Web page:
Unit 3 - Implementing Concept Maps in the LD Classroom

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Check.gif Performance Objectives

  • Identify ways to implement concept mapping in the LD classroom
  • Selecting appropriate content for concept mapping
  • Create interactive lessons that include concept mapping
  • Model the mapping process to enable student to create their own maps

Check.gif Prerequisites

  • Content knowledge
  • Understanding of concept mapping
  • Lesson Planning and Assessment

Check.gif Ways to Use Concept Maps in the LD Classroom

Concept maps are "a versatile teaching tool that can be used to present and reinforce content or assess its understanding." (Wayne State College, 1999). Therefore, there are several ways to incorporate concept maps into your lessons. Below are several examples of how you can integrate mapping into your current lessons. How will you use them?

Lecturing Enhancement

  • Great for modeling the mapping process
  • Students can actively participate in the lesson
  • More effective than traditional notes

In Class Exercise

  • Active assignment
  • Encourages metacognitve skills, not rote memorization
  • Great for providing blank or incomplete maps -- aid in student creation

Group Activity

  • Learning is social
  • Students work toward a common goal

Text Enhancement

  • Reading for a purpose
  • Aids student in selecting important detail

Assessment

  • Demonstrates student knowledge
  • Can replace an exam
  • Accurate way to measure quality of student knowledge

Check.gif Tips When Using Maps in the LD Classroom

In today's classroom, we require our students to select and organize key details from several different media. This is an incredible task to ask of any student, but most importantly the the LD child. Concept mapping encourage students to actively participate in the learning process by using critical thinking skills to complete this task. For the LD child, this process does not come naturally, it must be taught! But how can I change what I am already doing?

Map progressively

  • Start by "familiarizing students with the technique by showing them a completed map and then progressively increase their involvement" (Wayne State College, 1999)
  • Blank templates can help students understand what is expected of them

Model, model, model

  • Mapping is a complex process for the LD student
  • Practicing this skill will help reduce student frustration and increase mapping success
  • Become a routine process

Less is more!

  • Connections are less visible
  • Excessive amounts of information can lead to decrease understanding

Instructor vs Student Mapping

  • Instructor maps help model and display information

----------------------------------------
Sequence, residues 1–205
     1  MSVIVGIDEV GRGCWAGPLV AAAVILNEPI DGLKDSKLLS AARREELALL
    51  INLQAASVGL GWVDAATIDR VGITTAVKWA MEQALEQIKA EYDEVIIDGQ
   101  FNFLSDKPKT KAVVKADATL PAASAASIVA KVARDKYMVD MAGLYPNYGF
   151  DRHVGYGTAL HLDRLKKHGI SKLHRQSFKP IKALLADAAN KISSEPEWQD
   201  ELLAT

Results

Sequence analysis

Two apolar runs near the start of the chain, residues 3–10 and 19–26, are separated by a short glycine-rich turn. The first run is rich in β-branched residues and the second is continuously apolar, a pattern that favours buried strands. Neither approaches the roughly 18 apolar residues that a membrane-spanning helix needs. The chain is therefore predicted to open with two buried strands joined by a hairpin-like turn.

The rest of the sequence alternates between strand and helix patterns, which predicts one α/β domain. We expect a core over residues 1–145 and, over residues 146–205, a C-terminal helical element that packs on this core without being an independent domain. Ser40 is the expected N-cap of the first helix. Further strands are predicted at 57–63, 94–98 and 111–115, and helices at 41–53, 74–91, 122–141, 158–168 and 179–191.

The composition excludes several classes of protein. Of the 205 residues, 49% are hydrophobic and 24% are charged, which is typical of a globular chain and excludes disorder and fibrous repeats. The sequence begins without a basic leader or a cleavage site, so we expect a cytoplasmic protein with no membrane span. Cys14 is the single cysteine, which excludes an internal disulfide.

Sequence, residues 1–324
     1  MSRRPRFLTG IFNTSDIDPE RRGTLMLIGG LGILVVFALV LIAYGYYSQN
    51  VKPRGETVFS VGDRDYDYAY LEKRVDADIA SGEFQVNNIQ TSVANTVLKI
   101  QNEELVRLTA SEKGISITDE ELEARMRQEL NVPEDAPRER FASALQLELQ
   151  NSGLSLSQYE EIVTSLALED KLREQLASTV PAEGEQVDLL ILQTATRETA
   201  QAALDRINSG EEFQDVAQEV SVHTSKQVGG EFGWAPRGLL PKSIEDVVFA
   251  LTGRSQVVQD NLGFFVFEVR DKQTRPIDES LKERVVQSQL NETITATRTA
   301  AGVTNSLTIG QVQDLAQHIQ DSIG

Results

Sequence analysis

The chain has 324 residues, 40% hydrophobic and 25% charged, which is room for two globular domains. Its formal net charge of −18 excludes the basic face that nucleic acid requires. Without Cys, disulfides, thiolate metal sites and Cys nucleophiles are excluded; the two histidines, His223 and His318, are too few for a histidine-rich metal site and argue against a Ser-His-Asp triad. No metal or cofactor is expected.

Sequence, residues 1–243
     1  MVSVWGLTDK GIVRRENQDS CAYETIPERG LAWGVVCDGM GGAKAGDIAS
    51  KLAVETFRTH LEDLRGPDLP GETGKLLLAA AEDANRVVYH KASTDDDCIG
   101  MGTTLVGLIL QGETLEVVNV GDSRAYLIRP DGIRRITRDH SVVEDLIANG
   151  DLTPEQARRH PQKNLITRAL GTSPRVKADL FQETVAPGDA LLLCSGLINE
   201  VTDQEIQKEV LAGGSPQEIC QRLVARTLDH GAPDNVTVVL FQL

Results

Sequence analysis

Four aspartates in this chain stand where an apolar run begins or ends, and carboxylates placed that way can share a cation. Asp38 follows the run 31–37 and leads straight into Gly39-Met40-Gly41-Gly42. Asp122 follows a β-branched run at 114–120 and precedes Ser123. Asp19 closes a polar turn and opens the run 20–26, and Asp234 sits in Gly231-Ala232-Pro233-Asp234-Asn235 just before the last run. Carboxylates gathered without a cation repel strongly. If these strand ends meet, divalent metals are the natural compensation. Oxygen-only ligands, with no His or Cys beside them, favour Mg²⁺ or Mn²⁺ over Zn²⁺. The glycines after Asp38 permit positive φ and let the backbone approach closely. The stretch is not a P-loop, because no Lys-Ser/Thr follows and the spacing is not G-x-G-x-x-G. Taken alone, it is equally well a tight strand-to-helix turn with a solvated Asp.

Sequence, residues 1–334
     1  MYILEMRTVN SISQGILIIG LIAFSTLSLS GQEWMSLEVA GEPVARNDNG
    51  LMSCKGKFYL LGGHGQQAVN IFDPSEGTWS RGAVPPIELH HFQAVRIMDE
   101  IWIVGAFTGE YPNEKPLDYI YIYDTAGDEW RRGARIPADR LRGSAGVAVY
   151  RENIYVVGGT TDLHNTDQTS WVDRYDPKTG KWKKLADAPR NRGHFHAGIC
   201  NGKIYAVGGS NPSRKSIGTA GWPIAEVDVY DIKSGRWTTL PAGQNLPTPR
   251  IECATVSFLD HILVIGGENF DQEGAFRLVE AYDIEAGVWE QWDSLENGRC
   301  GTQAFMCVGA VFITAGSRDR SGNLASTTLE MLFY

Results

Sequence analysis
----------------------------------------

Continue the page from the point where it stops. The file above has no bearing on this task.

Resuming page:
• Student maps increase comprehension and ability to make meaningful connections to the material
  • Instructor models first, student creates their own map second
    • Increases student role in learning
    • Decreases student frustration

Newag.gif Learning Activities

As of now, you should have a firm understanding how to create and apply concept maps in the LD classroom. We have reviewed key tips and ideas that will aid and assist you in creating effective lessons that incorporate concept maps. Please take this time to complete the following activities.

Lesson Creation

  • According to Lenz "findings indicate that teacher time spent in selecting the critical information, showing students how that information can be structured, and visually tracking the question-answer process around critical information can improve performance of students with LD" (2009). From here, students will be able to improve their concept mapping skills and comprehension of the material. Now it is time to construct a lesson that emphasizes effective concept mapping skills.
  • Select one of the maps created in Unit 2
    • Create a lesson plan surrounding this map. Include the following elements:
      • Teacher modeling
      • Student Creation
      • Assessment of Map -- Rubric, Guideline, etc.

Learning Log

  • Take a few minutes to write down any thoughts or ideas you have learned. This is a chance for you to personally reflect upon the content and internalize the content.
  • Feel free to express an questions, comments, or concerns you may have about the content. Possible ideas may include:
    • reflecting on the content
    • predicting results
    • personal opinions
    • summarize understanding
    • clarify points
    • record observations
    • compare and contrast how your ideas have changed or misconceptions that have been corrected

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